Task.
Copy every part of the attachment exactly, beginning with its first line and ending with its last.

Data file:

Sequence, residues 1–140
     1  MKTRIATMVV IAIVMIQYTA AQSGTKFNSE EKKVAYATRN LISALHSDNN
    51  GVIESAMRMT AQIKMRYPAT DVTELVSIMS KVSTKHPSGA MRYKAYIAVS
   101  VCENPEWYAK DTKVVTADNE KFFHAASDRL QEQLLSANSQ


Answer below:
Sequence, residues 1–140
     1  MKTRIATMVV IAIVMIQYTA AQSGTKFNSE EKKVAYATRN LISALHSDNN
    51  GVIESAMRMT AQIKMRYPAT DVTELVSIMS KVSTKHPSGA MRYKAYIAVS
   101  VCENPEWYAK DTKVVTADNE KFFHAASDRL QEQLLSANSQ